When current McAllister President, Buckley McAllister, spoke before attendees at Marine Log’s Tugs & Barges Conference, he noted that McAllister’s business strategy has remained the same throughout the years: “Take care of your customers, take care of your employees and reinvest resources back into business.”
Reinvesting in the business has long been part of the McAllister tradition. Buckley says, “Whatever money was made in the business went back into the business.” This, in essence, helped founder Captain James amass of fleet comprised of tugs, barges, derricks and passenger-carrying sidewheelers before his passing in 1916.
That reinvestment spirit remains alive and well—most prominently, over the last two decades. With sons Buckley and Eric on board, McAllister has reinvested in its fleet—operating some of the most powerful tugs on the East Coast. The McAllister’s know full well that fewer ships are being docked at ports—on average, calls at ports have dropped five percent a year—but the few ships that do come in and dock are large and require more powerful, expensive tugs.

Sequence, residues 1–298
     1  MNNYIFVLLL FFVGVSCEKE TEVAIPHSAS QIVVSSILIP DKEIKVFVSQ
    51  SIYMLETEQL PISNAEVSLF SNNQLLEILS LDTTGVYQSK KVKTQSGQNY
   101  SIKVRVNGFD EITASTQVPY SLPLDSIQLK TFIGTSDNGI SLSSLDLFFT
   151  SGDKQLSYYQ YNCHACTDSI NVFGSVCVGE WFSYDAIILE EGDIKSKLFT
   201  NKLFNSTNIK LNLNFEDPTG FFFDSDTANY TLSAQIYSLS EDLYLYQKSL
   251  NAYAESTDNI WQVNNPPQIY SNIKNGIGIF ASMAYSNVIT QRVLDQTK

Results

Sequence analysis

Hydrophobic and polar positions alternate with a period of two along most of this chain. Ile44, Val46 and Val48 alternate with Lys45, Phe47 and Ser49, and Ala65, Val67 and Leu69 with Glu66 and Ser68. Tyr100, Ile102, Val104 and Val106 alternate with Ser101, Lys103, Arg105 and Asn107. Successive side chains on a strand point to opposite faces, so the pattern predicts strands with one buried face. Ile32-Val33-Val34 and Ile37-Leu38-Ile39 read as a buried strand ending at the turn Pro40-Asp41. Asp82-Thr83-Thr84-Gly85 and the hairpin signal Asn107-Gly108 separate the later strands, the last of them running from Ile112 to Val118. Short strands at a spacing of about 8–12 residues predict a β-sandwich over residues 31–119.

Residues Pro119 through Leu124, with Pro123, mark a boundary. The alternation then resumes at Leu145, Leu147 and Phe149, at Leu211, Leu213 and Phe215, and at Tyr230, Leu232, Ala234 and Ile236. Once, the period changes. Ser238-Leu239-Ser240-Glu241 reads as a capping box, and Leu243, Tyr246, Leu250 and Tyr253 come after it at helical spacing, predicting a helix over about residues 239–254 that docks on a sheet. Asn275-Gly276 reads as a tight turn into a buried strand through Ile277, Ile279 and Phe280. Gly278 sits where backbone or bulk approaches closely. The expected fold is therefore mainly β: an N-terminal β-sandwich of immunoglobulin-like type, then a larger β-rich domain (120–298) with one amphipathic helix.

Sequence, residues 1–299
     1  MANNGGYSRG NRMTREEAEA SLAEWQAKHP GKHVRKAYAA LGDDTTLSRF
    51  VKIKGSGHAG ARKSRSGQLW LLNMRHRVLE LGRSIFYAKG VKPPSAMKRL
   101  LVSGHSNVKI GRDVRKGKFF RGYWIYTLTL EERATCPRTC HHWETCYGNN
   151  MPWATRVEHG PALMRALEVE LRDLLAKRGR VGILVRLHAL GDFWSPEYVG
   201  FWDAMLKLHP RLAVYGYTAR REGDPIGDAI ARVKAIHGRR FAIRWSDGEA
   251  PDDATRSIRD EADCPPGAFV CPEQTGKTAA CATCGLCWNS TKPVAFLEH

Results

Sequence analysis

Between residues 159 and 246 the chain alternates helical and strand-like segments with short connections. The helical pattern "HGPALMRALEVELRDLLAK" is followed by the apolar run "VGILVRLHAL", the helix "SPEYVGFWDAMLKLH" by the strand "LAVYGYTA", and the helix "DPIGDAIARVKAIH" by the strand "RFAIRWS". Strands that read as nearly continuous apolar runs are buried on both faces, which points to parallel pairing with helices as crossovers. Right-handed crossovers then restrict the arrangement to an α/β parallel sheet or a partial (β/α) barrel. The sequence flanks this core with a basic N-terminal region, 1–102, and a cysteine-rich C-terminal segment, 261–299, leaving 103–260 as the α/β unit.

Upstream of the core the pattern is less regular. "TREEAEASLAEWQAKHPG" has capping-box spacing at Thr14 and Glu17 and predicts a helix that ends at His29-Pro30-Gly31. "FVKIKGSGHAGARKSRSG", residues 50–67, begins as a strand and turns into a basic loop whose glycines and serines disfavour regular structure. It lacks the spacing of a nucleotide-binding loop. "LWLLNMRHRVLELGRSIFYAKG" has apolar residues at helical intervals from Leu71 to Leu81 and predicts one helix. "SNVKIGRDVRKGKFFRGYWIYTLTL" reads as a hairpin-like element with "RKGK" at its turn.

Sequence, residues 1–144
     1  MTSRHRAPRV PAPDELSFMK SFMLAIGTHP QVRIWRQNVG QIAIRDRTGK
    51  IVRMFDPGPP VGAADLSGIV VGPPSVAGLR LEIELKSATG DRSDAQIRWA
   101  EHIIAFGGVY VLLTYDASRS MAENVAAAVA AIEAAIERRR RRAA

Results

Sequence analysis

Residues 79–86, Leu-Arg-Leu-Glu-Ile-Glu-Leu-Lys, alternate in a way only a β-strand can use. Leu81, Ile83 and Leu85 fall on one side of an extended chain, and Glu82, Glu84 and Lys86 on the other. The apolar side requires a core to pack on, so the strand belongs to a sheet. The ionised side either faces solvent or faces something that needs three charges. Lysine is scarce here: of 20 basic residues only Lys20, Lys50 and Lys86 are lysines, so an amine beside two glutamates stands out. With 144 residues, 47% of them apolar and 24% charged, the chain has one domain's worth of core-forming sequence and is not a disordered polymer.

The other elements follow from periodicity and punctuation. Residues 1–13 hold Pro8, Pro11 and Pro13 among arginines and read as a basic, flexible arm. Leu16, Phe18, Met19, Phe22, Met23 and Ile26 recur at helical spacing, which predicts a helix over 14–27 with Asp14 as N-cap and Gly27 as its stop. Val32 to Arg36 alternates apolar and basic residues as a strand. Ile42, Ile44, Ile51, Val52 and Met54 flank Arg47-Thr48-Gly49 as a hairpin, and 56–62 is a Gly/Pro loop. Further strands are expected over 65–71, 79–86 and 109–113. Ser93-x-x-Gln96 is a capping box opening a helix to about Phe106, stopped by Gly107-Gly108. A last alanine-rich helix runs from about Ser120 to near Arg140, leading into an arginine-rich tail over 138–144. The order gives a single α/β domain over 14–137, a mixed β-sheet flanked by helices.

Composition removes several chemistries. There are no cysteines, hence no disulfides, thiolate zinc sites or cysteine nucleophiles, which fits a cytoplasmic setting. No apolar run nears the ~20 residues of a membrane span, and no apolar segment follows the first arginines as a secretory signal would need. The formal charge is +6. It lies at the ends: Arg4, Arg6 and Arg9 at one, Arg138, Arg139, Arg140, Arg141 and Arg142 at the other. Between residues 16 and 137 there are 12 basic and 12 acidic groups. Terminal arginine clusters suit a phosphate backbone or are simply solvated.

To meet demand, over the last 14 years, McAllister has added two tractor tugs to its fleet per year. Those z-drive tractor tugs feature the latest firefighting equipment and capabilities. McAllister has invested heavily in technologies and vessels that will meet the industry’s growing transportation and regulatory demands.
Its fleet of vessels with more than 1,000 hp each consists of 24 Z-drive tractor tugs, six Tier II compliant tugs, 20 plus vessels involved in coastal towing and 35 ABS load line class vessels.
Recently, the company took delivery of the Buckley McAllister from Senesco Marine, North Kingstown, RI. Named after company President Buckley McAllister, the 5,100 hp, 92 ft x 36 ft Jensen designed ASD tug will provide service on the Cape Cod Canal. The Tier III compliant tug is fitted with a pair of 3516C HD diesel engines from Caterpillar, rated at 2,575 hp at 1,800 rev/min. The Buckley is ABS classed, can reach a speed of 12 knots and has a bollard pull of 67 tons.
The Eric McAllister, named after the company CFO, is the next addition to McAllister’s fleet, and is currently under construction at Senesco. The Tate, named after famous actor Tate Donovan (who also happens to be a cousin), is being built at Washburn & Doughty, East Boothbay, ME.